PhilSci Archive

Believing Conspiracy Theories: A Bayesian Approach to Belief Protection

Poth, Nina and Dolega, Krzysztof (2022) Believing Conspiracy Theories: A Bayesian Approach to Belief Protection. [Preprint]

This is the latest version of this item.

[img]
Preview
Text
Believing Conspiracy Theories A Bayesian Approach to Belief Protection.pdf - Updated Version

Download (315kB) | Preview
[img]
Preview
Text
Bayesian Belief Protection.pdf

Download (286kB) | Preview

Abstract

Despite the harmful impact of conspiracy theories on the public discourse, there is little agreement about their exact nature. Rather than define conspiracy theories as such, we focus on the notion of conspiracy belief. We analyse three recent proposals that identify belief in conspiracy theories as an effect of irrational reasoning. Although these views are sometimes presented as competing alternatives, they share the main commitment that conspiracy beliefs are epistemically flawed because they resist revision given disconfirming evidence. However, the three views currently lack the formal detail necessary for an adequate comparison. In this paper, we bring these views closer together by exploring the rationality of conspiracy belief under a probabilistic framework. By utilising Michael Strevens’ Bayesian treatment of auxiliary hypotheses, we question the claim that the irrationality associated with conspiracy belief is due to a failure of belief revision given disconfirming evidence. We argue that maintaining a core conspiracy belief can be perfectly Bayes-rational when such beliefs are embedded in networks of auxiliary beliefs, which can be sacrificed to protect the more central ones. We propose that the irrationality associated with conspiracy belief lies not in a flawed updating method according to subjective standards but in a failure to converge towards well-confirmed stable belief networks in the long run. We discuss a set of initial reasoning biases as a possible reason for such a failure. Our approach reconciles previously disjointed views, while at the same time offering a formal platform for their further development.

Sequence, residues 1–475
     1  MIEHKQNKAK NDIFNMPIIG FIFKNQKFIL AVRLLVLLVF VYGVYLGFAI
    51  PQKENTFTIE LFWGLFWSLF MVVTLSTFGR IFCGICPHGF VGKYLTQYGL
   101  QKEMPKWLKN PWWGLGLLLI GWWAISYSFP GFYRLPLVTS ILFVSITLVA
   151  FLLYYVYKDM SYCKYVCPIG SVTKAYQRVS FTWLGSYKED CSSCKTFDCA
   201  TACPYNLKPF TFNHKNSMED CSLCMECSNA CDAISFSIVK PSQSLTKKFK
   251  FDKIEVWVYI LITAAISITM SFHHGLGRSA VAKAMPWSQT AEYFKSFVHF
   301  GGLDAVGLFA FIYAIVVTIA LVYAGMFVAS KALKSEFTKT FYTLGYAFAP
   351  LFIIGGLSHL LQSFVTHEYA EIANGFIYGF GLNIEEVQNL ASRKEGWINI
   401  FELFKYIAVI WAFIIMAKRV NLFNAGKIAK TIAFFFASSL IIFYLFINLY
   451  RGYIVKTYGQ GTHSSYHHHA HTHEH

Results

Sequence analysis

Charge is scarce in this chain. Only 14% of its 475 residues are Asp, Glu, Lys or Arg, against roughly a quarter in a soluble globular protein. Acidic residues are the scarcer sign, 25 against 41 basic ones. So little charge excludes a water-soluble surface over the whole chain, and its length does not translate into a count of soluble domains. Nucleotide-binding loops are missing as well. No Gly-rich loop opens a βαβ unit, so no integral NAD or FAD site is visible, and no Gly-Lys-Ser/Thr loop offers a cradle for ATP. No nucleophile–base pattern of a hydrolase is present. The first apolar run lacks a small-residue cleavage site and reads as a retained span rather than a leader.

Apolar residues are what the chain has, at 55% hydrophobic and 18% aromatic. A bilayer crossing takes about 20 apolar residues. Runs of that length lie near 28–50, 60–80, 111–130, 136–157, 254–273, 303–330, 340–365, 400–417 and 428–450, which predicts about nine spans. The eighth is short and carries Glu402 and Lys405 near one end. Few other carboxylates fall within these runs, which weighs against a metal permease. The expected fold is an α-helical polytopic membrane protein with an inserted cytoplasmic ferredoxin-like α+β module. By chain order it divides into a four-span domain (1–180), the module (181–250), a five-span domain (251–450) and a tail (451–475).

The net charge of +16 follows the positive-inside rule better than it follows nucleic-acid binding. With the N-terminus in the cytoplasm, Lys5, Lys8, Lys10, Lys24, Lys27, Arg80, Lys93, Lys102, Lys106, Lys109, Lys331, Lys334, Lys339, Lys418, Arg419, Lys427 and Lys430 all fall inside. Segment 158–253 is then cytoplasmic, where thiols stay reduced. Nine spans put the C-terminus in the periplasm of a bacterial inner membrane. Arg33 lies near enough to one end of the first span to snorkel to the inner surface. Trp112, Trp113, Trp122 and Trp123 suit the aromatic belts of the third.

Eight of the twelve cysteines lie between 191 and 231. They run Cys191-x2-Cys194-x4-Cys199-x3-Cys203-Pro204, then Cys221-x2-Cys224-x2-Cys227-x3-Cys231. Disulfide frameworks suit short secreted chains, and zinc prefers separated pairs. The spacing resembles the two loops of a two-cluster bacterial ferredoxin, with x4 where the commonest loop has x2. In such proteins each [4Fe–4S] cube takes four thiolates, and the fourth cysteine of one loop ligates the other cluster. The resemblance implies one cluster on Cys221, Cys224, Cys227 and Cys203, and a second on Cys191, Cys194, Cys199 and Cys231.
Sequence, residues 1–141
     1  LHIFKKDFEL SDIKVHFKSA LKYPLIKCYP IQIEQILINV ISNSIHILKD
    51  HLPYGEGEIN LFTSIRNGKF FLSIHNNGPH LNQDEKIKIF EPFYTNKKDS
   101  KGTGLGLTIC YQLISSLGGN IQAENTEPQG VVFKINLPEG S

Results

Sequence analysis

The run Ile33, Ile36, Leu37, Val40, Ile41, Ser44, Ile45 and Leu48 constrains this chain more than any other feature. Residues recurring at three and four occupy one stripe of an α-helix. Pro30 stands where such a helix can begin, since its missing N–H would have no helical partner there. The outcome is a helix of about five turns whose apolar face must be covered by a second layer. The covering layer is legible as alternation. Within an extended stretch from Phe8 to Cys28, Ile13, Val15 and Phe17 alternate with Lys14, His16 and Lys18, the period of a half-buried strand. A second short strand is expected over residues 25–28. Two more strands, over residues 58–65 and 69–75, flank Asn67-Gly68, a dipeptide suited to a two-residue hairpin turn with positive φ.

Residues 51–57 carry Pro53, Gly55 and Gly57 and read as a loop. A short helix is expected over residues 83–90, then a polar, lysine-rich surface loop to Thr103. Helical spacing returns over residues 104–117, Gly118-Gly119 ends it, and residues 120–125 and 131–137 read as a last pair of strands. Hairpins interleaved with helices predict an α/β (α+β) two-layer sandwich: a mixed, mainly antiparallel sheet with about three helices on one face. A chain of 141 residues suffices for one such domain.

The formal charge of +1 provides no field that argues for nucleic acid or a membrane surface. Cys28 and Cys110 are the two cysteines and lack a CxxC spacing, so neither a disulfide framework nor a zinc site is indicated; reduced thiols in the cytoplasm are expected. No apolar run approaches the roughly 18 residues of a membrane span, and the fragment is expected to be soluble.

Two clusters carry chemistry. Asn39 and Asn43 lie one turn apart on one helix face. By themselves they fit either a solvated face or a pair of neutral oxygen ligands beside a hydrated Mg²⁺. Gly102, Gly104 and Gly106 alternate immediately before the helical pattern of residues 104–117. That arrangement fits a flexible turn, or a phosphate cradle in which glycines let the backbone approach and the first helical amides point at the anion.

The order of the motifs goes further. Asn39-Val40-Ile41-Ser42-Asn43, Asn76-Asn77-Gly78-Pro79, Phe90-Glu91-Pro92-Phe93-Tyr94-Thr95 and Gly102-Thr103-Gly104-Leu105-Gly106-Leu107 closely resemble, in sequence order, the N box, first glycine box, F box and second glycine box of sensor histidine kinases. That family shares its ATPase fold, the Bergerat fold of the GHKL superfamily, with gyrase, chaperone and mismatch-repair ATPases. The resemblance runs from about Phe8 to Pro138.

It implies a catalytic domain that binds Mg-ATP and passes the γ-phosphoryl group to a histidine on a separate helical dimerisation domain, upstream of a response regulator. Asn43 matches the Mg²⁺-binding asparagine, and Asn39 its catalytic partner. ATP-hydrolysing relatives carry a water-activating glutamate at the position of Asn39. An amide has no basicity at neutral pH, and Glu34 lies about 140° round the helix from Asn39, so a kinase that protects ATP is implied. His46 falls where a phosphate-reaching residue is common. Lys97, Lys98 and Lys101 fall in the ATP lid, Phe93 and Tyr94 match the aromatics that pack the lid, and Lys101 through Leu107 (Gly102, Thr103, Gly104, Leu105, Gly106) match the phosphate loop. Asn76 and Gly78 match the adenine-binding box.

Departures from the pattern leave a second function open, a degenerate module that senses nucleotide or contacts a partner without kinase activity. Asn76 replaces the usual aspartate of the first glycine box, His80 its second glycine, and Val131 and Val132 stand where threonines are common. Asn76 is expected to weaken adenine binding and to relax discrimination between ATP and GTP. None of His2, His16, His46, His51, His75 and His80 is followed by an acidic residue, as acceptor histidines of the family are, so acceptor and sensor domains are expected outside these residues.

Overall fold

Export/Citation: EndNote | BibTeX | Dublin Core | ASCII/Text Citation (Chicago) | HTML Citation | OpenURL
Social Networking:
Share |

Item Type: Preprint
Creators:
CreatorsEmailORCID
Poth, Ninanina.poth@rub.de
Dolega, Krzysztofkrzysztof.dolega@rub.de
Keywords: conspiracy belief, conspiracy theory, Bayesianism, prior probabilities, rationality
Subjects: Specific Sciences > Cognitive Science
General Issues > Confirmation/Induction
General Issues > Science vs. Pseudoscience
Depositing User: Dr. Nina Poth
Date Deposited: 21 Jun 2022 13:53
Last Modified: 21 Jun 2022 13:53
Item ID: 20772
Subjects: Specific Sciences > Cognitive Science
General Issues > Confirmation/Induction
General Issues > Science vs. Pseudoscience
Date: 2022
URI: https://philsci-archive-dev.library.pitt.edu/id/eprint/20772

Available Versions of this Item

Monthly Views for the past 3 years

Monthly Downloads for the past 3 years

Plum Analytics

Actions (login required)

View Item View Item